The City states that 1500 vehicles per hour is ‘considered manageable’. We can only interpret this absurd statement as meaning manageable for the traffic flow, but who is analyzing what is manageable for human beings? Has the city determined how this volume of traffic pollution effects the health of the families who live near it? Is the number of accidents and almost accidents between pedestrians and cars in this volume of ‘manageable’ traffic deemed acceptable? Why is it that local residents choose to take their children, dogs and family outings to other parks, several blocks away or even in other neighbourhoods, rather then use Strathcona Park which is right across the street from them?

Q. How is Prior Street depicted on the City's Viaduct Removal Plan?
A. Prior appears as an extension of the newly expanded Pacific Boulevard , which will be doubled to six lanes. This not only maintains the current intolerable high traffic capacity of the street, but will potentially expand it.
The City claims that much of this Pacific Blvd high speed traffic could choose to turn onto Main or Quebec Streets, thus avoid using Prior. But with Prior acting as the ‘straight line’ extension of Pacific Blvd in this new traffic network design, we can all assume that most drivers will choose to stay on the fastest, most direct route east for as long as possible before having to make a turn. Moreover, the new plan feeds more traffic onto Prior by enabling cars on Pacific and Quebec to access Prior directly, whereas before this traffic was directed onto Terminal Avenue.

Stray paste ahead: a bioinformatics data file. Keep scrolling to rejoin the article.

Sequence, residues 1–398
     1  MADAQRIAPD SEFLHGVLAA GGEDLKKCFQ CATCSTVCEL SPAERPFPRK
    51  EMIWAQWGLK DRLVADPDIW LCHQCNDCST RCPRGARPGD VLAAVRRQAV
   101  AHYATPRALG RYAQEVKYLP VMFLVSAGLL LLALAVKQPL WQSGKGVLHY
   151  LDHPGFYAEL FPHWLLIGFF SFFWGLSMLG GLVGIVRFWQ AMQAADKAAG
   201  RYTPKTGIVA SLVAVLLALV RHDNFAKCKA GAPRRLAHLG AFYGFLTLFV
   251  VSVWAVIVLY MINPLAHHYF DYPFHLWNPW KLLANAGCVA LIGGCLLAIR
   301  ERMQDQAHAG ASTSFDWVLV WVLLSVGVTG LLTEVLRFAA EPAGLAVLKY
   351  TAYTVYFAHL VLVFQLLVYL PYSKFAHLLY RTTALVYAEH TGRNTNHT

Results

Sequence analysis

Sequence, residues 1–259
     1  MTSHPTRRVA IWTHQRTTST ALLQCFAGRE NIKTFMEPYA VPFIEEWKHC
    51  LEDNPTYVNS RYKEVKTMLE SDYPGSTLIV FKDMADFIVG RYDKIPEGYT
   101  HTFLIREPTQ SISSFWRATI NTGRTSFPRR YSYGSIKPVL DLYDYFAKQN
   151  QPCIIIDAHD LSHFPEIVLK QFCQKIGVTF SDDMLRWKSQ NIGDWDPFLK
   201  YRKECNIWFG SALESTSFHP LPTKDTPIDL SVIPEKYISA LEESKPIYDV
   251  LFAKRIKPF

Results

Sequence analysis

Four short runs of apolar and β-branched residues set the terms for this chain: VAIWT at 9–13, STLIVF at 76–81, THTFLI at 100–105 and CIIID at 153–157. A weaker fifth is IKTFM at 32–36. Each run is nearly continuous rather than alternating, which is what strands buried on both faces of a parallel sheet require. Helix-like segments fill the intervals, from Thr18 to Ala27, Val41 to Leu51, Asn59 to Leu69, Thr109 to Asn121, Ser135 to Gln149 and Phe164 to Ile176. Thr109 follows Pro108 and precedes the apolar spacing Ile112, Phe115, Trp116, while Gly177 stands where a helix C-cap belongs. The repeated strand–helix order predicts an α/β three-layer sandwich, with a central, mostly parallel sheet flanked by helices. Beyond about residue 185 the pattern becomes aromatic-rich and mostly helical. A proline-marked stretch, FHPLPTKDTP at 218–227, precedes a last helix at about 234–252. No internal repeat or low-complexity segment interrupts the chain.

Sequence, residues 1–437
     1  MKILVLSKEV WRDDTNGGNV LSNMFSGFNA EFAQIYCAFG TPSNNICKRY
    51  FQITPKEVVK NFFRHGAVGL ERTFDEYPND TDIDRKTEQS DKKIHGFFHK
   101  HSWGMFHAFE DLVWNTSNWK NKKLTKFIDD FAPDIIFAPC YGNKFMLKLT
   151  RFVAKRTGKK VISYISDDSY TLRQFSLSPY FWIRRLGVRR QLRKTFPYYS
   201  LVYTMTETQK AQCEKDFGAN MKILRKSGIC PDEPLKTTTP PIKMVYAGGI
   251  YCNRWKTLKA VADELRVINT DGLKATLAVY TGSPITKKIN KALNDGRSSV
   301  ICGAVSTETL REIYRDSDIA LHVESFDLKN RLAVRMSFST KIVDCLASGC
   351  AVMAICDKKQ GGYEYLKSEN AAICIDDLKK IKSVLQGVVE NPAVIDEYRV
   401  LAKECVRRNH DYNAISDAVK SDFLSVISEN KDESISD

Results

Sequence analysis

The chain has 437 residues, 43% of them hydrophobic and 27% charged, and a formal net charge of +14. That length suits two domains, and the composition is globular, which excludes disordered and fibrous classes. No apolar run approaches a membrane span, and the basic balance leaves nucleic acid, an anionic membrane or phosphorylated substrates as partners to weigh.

Q. How will Prior/Venables function with the proposed road network changes? If the viaducts come down will there less traffic on Prior?
A. No one can guarantee any traffic reduction on Prior Street if it is to be designated as a major east-west arterial.
In essence, the City is proposing to maintain an arterial level of dangerous traffic on a residential street. The City's hastily written "clarification" on the post-viaducts Prior Street situation posted on the COV website on June 19th, 2012 illustrates that the planning for Prior Street is truly not taking the Strathcona community’s concerns into consideration.